Protecting the Field in a Golf Tournament

The rules of golf have two distinct reasons for existence. The first is to level the playing field by requiring players to follow a standard set of rules applied equally across the board. The second is to allow playing partners to monitor and correct a breach if required. During a golf tournament, the second reason is called protecting the field. And that is exactly what Joel Dahmen did at the Quicken Loans tournament when he challenged Sung Kang’s interpretation of the rules. Dahmen was protecting the field!

On the 10th hole, Kang’s ball found the hazard. His interpretation of the ball flight was that it flew over the hazard, but drew back into danger at the end of the stroke. If this was the case, the point of entry would be where Kang’s ball entered the hazard on the second time. If it did not clear the hazard, he would have to play the ball from where it entered the hazard the first time. In this case, it would be a significantly larger distance from the green.

Joel Dahmen contended that the ball did not leave the hazard and reenter. He stated that Kang needed to play his ball from the first location that it entered the hazard. A disagreement ensued. At this point, I would assess that the process followed by both players is correct. Dahmen was protecting the field by challenging Kang’s interpretation.

Their disagreement continued for about 25 minutes until the PGA Rules Official arrived on the scene. After talking to the players, caddies and other officials in the area, the PGA Rules Official sided with Kang. Kang received a favourable drop and saved par after applying all penalty strokes. To this point, all parties involved followed the proper process and the official made a ruling. I believe the field was protected. As far as I am concerned, there is no controversy.

Where the controversy reared its ugly head is when Dahmen called Kang a cheat on twitter.

I realize that Dahmen was upset, but the PGA Rules Official made the call and that should have ended of the discussion. Calling Kang names after the fact is not helpful for anyone involved. Personally, I call it the ‘rub of the green’.

What I do like about the situation is that Dahmen did the right thing. He tried to protect the field by not allowing another player to breach the rules to their advantage. Well done, Joel.

I also believe that all professional golfers should show the same tenacity by standing up and challenging other professionals who unintentionally (or intentionally) break the rules.

My last thoughts for today are for all amateurs. It is our responsibility to protect the field in golf tournaments. Allowing someone to take advantage of the rules by giving them a favourable drop or turning a blind eye to rules infractions without saying anything (because it is your friend or a more skilled golfer) destroys the second reason for golf rules. It is important that we protect the field and it starts with us politely challenging a player who breaks the rules.

Have you ever challenged a player because you thought they were breaking the rules?

I am a grateful golfer! See you on the links!

6 thoughts on “Protecting the Field in a Golf Tournament

  1. Pingback: Turning A Blind Eye To Rules Infractions | The Grateful Golfer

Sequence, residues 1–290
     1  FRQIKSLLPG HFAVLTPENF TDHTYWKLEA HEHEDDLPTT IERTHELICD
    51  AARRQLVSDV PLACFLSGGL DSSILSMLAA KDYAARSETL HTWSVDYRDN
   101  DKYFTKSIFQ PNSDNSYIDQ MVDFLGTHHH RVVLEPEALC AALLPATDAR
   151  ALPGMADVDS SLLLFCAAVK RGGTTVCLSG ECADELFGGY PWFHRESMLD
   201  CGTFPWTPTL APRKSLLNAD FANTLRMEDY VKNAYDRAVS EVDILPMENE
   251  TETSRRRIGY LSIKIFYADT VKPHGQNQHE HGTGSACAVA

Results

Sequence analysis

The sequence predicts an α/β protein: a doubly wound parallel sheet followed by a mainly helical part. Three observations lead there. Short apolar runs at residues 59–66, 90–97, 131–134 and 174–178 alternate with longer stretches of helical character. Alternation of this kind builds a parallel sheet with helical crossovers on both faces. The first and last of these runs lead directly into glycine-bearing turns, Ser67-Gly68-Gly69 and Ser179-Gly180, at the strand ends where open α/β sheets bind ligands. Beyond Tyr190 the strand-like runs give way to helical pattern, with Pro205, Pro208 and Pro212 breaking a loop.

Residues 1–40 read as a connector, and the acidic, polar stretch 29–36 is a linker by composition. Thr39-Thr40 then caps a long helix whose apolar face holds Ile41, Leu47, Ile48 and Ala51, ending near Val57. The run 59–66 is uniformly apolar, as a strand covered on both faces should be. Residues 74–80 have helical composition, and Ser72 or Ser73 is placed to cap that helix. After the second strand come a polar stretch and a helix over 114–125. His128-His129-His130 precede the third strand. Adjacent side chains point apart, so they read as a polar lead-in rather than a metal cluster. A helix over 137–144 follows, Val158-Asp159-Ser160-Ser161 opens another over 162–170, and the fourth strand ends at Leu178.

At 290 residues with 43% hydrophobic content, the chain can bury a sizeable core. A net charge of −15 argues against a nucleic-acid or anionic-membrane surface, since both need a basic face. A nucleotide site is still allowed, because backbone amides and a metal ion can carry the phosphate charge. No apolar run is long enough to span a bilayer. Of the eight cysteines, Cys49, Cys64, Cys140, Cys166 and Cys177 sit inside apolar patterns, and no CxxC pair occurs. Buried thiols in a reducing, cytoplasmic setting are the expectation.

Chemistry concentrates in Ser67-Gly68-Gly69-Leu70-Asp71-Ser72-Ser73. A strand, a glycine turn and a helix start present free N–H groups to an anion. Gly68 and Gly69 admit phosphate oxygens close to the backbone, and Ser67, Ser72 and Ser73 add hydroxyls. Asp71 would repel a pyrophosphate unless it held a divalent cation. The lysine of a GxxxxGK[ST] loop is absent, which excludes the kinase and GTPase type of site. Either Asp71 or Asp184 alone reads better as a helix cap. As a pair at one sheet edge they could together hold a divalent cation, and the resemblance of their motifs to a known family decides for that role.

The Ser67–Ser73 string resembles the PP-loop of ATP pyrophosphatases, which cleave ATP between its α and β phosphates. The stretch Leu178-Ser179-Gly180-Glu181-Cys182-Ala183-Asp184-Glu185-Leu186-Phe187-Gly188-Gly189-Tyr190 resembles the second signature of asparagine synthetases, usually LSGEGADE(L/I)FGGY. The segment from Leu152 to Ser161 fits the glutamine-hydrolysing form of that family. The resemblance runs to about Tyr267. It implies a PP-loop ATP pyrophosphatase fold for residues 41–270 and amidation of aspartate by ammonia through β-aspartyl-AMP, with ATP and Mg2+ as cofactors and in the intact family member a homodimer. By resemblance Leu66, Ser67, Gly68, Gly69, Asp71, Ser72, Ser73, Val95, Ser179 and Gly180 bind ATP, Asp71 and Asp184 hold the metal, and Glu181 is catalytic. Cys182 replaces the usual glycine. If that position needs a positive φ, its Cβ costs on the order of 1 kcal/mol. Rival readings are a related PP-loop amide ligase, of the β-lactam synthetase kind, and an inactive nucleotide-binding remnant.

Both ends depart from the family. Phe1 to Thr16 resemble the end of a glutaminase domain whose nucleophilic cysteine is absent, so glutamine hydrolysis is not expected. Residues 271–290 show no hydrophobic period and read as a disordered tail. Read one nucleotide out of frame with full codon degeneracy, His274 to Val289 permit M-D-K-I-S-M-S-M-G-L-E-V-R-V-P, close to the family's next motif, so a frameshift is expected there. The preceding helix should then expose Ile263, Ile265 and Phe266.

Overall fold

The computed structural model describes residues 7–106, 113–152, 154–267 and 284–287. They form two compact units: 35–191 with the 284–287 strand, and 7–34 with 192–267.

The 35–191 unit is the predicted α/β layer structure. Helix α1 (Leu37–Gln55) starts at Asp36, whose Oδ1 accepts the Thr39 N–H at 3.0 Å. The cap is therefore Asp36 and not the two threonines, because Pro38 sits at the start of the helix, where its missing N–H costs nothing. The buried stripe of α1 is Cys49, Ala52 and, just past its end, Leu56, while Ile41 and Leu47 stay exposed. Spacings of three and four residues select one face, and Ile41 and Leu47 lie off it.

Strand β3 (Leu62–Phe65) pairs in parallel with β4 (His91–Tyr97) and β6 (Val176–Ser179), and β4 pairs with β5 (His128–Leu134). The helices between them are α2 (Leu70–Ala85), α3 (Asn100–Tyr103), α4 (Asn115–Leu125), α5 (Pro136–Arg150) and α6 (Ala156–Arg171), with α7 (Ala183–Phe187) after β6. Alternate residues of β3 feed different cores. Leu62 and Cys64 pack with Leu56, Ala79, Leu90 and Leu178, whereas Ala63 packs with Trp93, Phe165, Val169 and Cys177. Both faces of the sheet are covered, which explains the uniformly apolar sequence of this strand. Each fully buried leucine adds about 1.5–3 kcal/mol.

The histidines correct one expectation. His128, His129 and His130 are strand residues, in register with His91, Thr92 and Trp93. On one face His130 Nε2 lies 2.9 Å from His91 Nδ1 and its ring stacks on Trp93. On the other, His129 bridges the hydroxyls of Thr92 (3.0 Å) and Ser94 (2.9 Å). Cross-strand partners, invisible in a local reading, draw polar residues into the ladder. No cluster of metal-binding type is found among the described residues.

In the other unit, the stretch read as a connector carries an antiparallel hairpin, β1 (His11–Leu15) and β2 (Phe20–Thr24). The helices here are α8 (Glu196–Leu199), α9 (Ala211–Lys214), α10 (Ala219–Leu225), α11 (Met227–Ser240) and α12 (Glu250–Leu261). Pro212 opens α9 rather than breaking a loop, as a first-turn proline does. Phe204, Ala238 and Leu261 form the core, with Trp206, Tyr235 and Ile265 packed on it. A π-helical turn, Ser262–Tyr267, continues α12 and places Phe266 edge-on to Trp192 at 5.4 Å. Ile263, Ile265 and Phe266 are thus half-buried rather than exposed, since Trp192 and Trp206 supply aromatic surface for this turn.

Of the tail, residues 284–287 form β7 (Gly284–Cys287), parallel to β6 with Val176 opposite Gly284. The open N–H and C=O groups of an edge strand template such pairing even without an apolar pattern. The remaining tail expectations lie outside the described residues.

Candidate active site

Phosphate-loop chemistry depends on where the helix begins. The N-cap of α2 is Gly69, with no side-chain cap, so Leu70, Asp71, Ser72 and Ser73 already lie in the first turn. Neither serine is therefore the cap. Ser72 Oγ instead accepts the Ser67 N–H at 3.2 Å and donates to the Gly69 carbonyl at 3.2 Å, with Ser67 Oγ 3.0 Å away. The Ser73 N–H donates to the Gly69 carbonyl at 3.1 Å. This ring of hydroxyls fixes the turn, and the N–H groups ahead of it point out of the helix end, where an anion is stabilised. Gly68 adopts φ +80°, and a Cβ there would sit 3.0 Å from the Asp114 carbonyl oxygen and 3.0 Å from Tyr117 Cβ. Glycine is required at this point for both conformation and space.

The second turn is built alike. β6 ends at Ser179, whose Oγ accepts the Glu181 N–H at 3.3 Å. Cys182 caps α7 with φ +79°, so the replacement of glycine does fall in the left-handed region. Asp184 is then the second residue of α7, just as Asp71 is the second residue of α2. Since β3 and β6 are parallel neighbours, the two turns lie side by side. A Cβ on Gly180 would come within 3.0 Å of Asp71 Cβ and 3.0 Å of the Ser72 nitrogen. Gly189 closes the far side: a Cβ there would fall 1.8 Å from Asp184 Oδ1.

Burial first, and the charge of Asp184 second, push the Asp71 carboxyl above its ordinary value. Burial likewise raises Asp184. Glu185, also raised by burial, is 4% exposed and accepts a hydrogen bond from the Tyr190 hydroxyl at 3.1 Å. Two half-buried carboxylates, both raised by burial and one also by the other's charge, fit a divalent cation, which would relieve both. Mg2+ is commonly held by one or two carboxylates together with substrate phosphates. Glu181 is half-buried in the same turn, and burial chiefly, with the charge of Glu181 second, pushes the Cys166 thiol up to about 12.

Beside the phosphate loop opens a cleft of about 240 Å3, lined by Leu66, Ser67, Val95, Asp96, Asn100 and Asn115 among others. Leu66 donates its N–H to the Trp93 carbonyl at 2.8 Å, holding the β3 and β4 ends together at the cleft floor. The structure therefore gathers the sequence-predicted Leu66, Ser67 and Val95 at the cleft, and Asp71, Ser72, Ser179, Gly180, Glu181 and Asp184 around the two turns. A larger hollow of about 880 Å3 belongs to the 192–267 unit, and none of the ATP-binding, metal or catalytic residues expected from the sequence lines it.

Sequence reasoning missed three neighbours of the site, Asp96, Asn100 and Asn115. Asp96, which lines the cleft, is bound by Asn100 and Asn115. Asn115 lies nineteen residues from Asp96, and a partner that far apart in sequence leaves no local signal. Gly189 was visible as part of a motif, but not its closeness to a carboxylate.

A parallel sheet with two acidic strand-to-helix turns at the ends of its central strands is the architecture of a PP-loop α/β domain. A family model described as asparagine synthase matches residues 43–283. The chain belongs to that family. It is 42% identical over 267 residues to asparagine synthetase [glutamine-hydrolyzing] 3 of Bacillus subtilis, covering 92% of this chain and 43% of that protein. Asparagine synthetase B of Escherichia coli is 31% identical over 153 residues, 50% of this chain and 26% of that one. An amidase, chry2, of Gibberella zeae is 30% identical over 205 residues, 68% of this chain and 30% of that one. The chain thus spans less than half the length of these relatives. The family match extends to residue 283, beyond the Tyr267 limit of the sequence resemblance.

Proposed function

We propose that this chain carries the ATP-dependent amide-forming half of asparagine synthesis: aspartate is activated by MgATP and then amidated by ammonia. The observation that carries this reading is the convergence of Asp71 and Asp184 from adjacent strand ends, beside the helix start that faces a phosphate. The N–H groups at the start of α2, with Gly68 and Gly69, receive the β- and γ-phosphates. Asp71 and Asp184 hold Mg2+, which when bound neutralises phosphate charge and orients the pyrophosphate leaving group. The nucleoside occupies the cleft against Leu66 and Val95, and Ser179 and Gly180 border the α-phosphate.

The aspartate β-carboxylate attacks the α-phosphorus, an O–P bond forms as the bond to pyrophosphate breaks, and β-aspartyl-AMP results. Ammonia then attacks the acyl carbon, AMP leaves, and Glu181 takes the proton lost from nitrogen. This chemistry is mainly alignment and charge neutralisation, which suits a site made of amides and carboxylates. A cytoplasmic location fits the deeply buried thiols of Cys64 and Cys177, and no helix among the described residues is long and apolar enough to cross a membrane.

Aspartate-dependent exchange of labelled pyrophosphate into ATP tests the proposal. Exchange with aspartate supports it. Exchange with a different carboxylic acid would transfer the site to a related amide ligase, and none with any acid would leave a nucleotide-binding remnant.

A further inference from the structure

2. Pingback: Badges, We Don’t Need No Stinkin’ Badges! | The Grateful Golfer

  3. Your question does not differentiate between a friendly game and a tournament situation. In a friendly game, I not only won’t call out a break of the rules, I might even at times suggest them to help keep the pace of play. If I saw one in a charity best ball type tournament, which is the only kind I’ve played in, I would call it.


    • Kevin,

      My post was directed towards tournament play. During regular play, I do not really care if someone is “stretching the rules” unless they are bragging about their handicap or sand bagging. During tournaments, I usually all business.



  4. Jim, here’s a weird one. One year while playing in my club championship (stroke play event), I had to protect a fellow competitor against himself. He was off the green chipping his third shot on a par-five and asked me to attend the flag stick. But he also requested that if the shot was coming in hot to leave the stick in the hole. I knew that if the ball struck the attended flag stick he’d incur a two stroke penalty (17-3) and we got into an argument when I told him I was going to pull it after he struck the shot. He played the shot thinking I would leave it in and I knew I was going to pull it as soon as he played, and did. As it turns out, it wouldn’t have hit the hole, but his game took an unfortunate turn for the worst after the disagreement. Didn’t affect me because I was comfortable that I had the correct understanding and had proceeded accordingly. Still, you feel bad when you get into these little spats.

    Obviously, the argument didn’t affect Kang on Sunday; he ripped it up.




    • Brian,

      You are exactly right. Your competitor obviously did not know the rules. Tending means pull once the ball is contacted. You absolutely did the right thing. Unfortunately, your competitor may never see it that way. I have encountered several situations like that before, except once I explained the rules, my competitor did not fire back. Good on you for protecting the player and field by following the rules.


      Liked by 1 person

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